It’s time for the progressives to compromise with US.

MaggiePoo on February 29, 2012 at 5:31 AM

Sorry, I don’t trust your judgement then. John McCain was far worse. Romney, Santorum, even philandering Gingrich are by far better than McCain was as a candidate.

scotash on February 29, 2012 at 2:40 AM

McCain won the R primaries. This cycle is yet to be determined. McCain sucked as the nominee. This cycle better not be a repeat…

Gohawgs on February 29, 2012 at 5:47 AM

Snowe will be missed. Every senator counts.

lexhamfox on February 28, 2012 at 11:59 PM

True. Not looking forward to the possibility of a Reid-Willard Wet Temple T-shirt party. Unlikely since Willard, if nominated, will lose by 10+ so Harry will have to party alone.

Annar on February 29, 2012 at 6:20 AM

I wonder what it is that she did wrong and is causing her to ‘retire’. HMMM!

DannoJyd on February 29, 2012 at 4:46 AM

Round & around on this.

Congress critters don’t suddenly wake up one morning and decide to retire.

roy_batty on February 29, 2012 at 7:20 AM

“I see a vital need for the political center in order for our democracy to flourish and to find solutions that unite rather than divide us. It is time for change in the way we govern” – Sen. Snowe

That “political center” is fed up with ChicagØbama and his crew of thugs and liars too.
There are other Senate seats up for grabs too. Snowe bowing out isn’t really a big deal. She’s been a pain in the patoot for conservatives anyhow.
Is there a conspiracy afoot, or is she just tired of the Dems constant attacks under Slimy Harry Reid’s non-leadership?
I dunno. Harry Reid has hijacked OUR government. I can’t understand why any Republican would put up with Slimy Harry – a radical Leftist. Maybe all those afraid of a fight should just go home.
~(Ä)~

Karl Magnus on February 29, 2012 at 7:32 AM

It seems to me that our society is fundamentally more broken. Thoughts anyone?
Gladtobehere on February 28, 2012 at 11:33 PM

I feel that way. It just seems that there is no way to remind American’s that they would be better off with conservative, old school, constitutional government. They are too prone to voting for the moment and what ever the future costs, well, they can be pushed off til those benefiting today are dead.

astonerii on February 28, 2012 at 11:59 PM

That explains the sheeple who vote democrat on reflex.

If anything, it is entrenched interests.
lexhamfox on February 28, 2012 at 11:59 PM

This explains most of the politians who have lost their way once inside the beltway.

The most damaging group is the educated (either by degree(s) or other-like extensive world travel). These folks are simply thinking ‘outside of themselves’ – the noble big picture that is easy peasy to spread – like herpes.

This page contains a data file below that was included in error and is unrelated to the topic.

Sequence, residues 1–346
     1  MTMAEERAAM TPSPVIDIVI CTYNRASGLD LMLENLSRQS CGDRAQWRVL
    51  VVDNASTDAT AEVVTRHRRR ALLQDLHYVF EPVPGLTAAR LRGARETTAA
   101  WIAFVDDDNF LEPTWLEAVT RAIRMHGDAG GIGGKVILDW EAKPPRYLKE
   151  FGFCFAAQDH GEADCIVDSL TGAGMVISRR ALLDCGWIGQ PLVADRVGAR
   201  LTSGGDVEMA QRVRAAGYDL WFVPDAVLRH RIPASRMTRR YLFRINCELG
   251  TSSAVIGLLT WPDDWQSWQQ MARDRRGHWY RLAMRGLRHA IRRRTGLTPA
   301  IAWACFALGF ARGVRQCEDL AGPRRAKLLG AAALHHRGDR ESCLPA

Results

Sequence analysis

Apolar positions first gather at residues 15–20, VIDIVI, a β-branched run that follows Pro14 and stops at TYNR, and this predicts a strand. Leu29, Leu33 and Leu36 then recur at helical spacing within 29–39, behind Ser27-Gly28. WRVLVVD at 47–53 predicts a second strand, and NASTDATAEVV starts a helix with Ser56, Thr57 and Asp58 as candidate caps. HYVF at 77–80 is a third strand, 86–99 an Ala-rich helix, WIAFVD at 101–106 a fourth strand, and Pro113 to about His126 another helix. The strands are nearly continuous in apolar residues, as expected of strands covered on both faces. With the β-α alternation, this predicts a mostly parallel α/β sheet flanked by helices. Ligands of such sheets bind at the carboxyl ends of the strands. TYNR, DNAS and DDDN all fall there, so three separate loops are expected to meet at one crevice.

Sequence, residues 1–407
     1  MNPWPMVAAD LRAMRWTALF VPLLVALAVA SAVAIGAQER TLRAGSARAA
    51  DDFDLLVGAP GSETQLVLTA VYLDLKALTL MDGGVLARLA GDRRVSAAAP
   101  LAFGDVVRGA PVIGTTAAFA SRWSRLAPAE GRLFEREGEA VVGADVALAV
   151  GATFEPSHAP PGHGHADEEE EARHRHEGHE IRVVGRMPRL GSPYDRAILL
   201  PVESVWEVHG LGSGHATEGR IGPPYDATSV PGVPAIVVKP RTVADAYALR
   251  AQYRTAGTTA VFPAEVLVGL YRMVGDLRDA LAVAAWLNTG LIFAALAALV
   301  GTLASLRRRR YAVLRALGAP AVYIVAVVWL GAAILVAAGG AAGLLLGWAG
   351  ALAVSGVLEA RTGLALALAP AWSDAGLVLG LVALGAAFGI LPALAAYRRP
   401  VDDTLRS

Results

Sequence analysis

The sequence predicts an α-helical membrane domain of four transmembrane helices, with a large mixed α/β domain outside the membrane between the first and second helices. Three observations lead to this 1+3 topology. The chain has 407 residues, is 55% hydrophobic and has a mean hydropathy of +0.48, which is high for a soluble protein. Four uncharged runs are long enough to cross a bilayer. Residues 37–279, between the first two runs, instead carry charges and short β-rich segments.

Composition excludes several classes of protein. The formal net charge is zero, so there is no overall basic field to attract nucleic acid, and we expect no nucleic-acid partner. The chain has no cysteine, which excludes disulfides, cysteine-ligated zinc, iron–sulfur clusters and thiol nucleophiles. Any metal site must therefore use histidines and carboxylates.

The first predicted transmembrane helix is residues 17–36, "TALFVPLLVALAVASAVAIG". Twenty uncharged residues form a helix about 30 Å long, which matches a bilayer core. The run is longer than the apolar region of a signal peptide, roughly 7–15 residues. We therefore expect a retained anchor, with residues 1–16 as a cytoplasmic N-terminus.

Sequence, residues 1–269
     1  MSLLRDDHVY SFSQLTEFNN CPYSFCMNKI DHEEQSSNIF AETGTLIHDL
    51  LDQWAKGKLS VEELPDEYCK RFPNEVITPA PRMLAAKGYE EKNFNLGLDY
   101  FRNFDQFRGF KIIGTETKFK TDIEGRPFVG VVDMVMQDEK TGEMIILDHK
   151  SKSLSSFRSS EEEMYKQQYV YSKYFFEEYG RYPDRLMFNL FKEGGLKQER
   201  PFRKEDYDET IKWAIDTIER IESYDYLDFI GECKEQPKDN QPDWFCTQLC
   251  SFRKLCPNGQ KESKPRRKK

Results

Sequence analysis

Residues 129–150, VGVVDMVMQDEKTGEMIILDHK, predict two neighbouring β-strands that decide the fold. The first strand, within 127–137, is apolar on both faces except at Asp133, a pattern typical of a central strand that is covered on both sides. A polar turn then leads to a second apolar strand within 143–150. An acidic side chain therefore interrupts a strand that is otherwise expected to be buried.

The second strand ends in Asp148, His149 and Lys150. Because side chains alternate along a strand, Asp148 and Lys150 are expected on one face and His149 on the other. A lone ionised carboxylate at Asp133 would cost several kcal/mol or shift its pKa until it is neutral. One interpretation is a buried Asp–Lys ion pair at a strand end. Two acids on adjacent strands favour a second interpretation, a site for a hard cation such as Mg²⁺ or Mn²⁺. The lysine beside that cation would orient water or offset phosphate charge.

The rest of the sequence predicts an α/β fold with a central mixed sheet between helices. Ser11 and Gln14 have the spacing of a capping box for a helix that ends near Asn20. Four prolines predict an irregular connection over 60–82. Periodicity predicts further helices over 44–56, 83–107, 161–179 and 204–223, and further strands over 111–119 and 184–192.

Ex: to them, oil is finite, short-sided and a selfish concept. Whereas, wind and solar are infinite blah blah blah. In the big-picture sense a little pain along the way is the ‘right thing to do’.
Forget the dumb masses for now- it’s the do-gooder smartypants that are killing us.

egmont on February 29, 2012 at 7:44 AM

“I do find it frustrating, however, that an atmosphere of polarization and ‘my way or the highway’ ideologies has become pervasive in campaigns and in our governing institutions.”

Really? As a citizen I’m growing weary of exactly that shit from the likes of you, Ms. Snow, and every instance of Nanny State government which intrudes upon my life.

bloviator on February 29, 2012 at 8:18 AM

I was wrong on the vote count, her’s wasn’t the deciding vote. Instead of a party line 13-10 loss her vote FOR help move the bill out of committe 14-9. Voting FOR a historic measure before voting against it has been an all too familiar “tactic” by some…

Gohawgs on February 28, 2012 at 9:59 PM

There was some fear of Dem defection before she announced her support, as well.

Her vote was reported as a huge victory for Dems in moving the bill forward. Hosannas in the HuffPo and the whole bit.

Missy on February 29, 2012 at 8:26 AM

AH_C on February 28, 2012 at 9:54 PM

That is the easy way, but the hard sell. It is hard to tell people that you are going to take away their power to pick senator’s. It is much easier to tell them that they can have the power to fire them all.

I agree with you. Just figure out a way to package it so people will support the change.

astonerii on February 28, 2012 at 9:56 PM

that would be totally awesome if we can pull it off ….

conservative tarheel on February 29, 2012 at 8:40 AM

Sorry, I don’t trust your judgement then. John McCain was far worse. Romney, Santorum, even philandering Gingrich are by far better than McCain was as a candidate.

scotash on February 29, 2012 at 2:40 AM

McCain won the R primaries. This cycle is yet to be determined. McCain sucked as the nominee. This cycle better not be a repeat…

Gohawgs on February 29, 2012 at 5:47 AM

I hope I am wrong …. but he might lose worse then McLame did ….

did you hear BHO at the rally in MI … something about one of these Republicans wanted Detroit to go bankrupt … but the bailout saved you ….

conservative tarheel on February 29, 2012 at 8:44 AM

Maine flipped red in nov 2010 people. Maybe she saw the writing…

dogsoldier on February 29, 2012 at 8:55 AM

Here’s my theory:
Obama is firing Biden and asked Snowe to be his new running mate — you know, to show he’s non-partisan. Then they can make utopia together./

Christian Conservative on February 29, 2012 at 9:07 AM

Good riddance…

voiceofreason on February 29, 2012 at 9:12 AM

hmmm it could happen ….. I don’t know … I thought Hillary would get the nod ….

conservative tarheel on February 29, 2012 at 9:28 AM

She was only a NO-vote when Obamacare had already been determined it would pass. She would have gladly voted “Yes” if they would have needed it.

JeffinOrlando on February 29, 2012 at 9:29 AM